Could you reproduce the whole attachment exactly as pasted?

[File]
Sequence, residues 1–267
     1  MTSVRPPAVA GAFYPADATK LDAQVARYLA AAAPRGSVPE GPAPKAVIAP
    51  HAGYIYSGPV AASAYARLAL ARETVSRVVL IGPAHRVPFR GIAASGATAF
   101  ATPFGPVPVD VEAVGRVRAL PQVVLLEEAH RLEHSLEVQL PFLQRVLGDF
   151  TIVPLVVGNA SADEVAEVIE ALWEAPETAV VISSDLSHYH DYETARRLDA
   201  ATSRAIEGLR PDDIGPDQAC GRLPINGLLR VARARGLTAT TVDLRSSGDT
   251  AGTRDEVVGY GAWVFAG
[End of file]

Sequence, residues 1–267
     1  MTSVRPPAVA GAFYPADATK LDAQVARYLA AAAPRGSVPE GPAPKAVIAP
    51  HAGYIYSGPV AASAYARLAL ARETVSRVVL IGPAHRVPFR GIAASGATAF
   101  ATPFGPVPVD VEAVGRVRAL PQVVLLEEAH RLEHSLEVQL PFLQRVLGDF
   151  TIVPLVVGNA SADEVAEVIE ALWEAPETAV VISSDLSHYH DYETARRLDA
   201  ATSRAIEGLR PDDIGPDQAC GRLPINGLLR VARARGLTAT TVDLRSSGDT
   251  AGTRDEVVGY GAWVFAG